Golden Globes: 6 Design Ideas From ‘The Grand Budapest Hotel’
This Sunday, how many Golden Globe Awards go to Wes Anderson’s latest film, The Grand Budapest Hotel. The world he created for the movie may be his most enchanting yet, earning nominations in the Musical or Comedy category for Best Director, Best Screenplay, Best Motion Picture and Best Performance by an Actor. The film stuck in my brain long after I watched it. I found my eye going to photos of interior designs on Houzz that reminded me of the movie’s enchanting style.
Lobby boy Zero Moustafa (Tony Revolori) and his fiancée, Agatha of Mendl’s bakery (Saoirse Ronan), pictured above in a still from the movie, cook up a plan to rescue hotel concierge Gustave H. (Ralph Fiennes) via tools concealed inside towering pink pastries.
The Grand Budapest Hotel (left) is a marvelous pink confection of a building, its layers of pastel colors looking a bit like a giant version of Agatha’s cakes.
6 Style Lessons from the Film
1. Pink and blue aren’t just for baby showers. The colors of the movie’s pastry boxes (with Revolori and Ronan, above) can delight in today’s interiors as well.
This only thing this pastel-blocked kitchen (left) is missing is a Mendl’s bakery box on the island.
2. Birch makes a fine rustic backdrop. In the movie a rather intimidating hunting room in the Dowager Countess’s mansion (seen above, with Adrien Brody as Dmitri, and Revolori) is softened by strips of a woodsy wall covering.
And in this Alabama lake house (left), birch bark paneling and a twig chandelier accentuate the room’s rustic style in a very Anderson-esque way.
3.Pairing red and purple will always dazzle. Grand Budapest employees — Igor (Paul Schlase), Zero and Gustave, with Madame D. (Tilda Swinton) — wear snazzy bold purple uniforms with key pins on the lapels.
In this New York condo (left), the bold combination delineates the dining room within an open plan.
A popular duo during the era when Jane Fonda’s workout videos launched, purple and red make a brilliant combination, best accented with metallics.
4. Keys are a great accessory. Keys — hung at the author’s grave in the first scene, in Agatha’s special pendant, in the safe Gustave is hiding (above) and with the Society of the Crossed Keys — are a recurring motif throughout the film.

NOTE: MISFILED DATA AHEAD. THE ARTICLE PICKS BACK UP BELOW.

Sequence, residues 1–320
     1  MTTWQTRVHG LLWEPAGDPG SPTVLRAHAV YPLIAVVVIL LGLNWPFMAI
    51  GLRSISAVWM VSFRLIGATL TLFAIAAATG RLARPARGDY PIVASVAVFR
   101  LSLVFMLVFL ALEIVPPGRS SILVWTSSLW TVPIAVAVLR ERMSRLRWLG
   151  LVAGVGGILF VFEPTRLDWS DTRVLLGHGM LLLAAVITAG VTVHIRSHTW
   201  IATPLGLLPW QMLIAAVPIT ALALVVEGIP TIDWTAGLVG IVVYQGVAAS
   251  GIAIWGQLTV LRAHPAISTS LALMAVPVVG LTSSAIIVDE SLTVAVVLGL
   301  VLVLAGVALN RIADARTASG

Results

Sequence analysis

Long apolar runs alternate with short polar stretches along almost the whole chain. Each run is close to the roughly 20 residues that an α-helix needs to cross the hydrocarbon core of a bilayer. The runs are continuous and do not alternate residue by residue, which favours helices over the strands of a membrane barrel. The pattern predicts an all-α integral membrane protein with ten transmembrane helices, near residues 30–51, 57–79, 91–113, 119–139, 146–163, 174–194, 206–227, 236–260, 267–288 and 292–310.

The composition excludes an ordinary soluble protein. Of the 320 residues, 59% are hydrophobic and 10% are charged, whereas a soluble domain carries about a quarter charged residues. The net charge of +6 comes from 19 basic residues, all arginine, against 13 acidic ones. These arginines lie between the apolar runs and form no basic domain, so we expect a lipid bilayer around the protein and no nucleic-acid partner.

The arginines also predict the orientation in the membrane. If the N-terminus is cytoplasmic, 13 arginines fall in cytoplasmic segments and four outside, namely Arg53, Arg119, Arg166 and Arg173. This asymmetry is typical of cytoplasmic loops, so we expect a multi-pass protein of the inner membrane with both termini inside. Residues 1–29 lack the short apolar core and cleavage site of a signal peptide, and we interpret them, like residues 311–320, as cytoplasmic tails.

Today, whether hanging on a nail, framed in a shadow box or part of a tablescape (left), vintage keys are charming additions around the house.
5. Spartan practicality can go bohemian. A wrought iron bed, practical blankets and burlap curtains hung with rope compose Agatha’s living quarters (above); the style makes her an unwitting bohemian. It’s apt, as the fictional Republic of Zubrowka, where the Grand Budapest is located, could very well have been located in Bohemia, or at the very least, could have been Bohemia-adjacent.
The whimsical flowers, soft colors, wood details and classic bedding in this Spanish bedroom (left) create a “splurge” version of Agatha’s living quarters.
6. A good bulletin board will always help you stay organized and solve challenges. Whether you’re solving a murder, keeping a family organized, staying on point with a diet or compiling inspiration for a color palette, a bulletin board corrals it all in one place where you can study it. Did you know that details are so important to Anderson that he even writes full articles to go in all of the fake newspapers seen in the movie? There is probably a story behind every piece hung on the wall of Inspector Henckels (Edward Norton, seen above).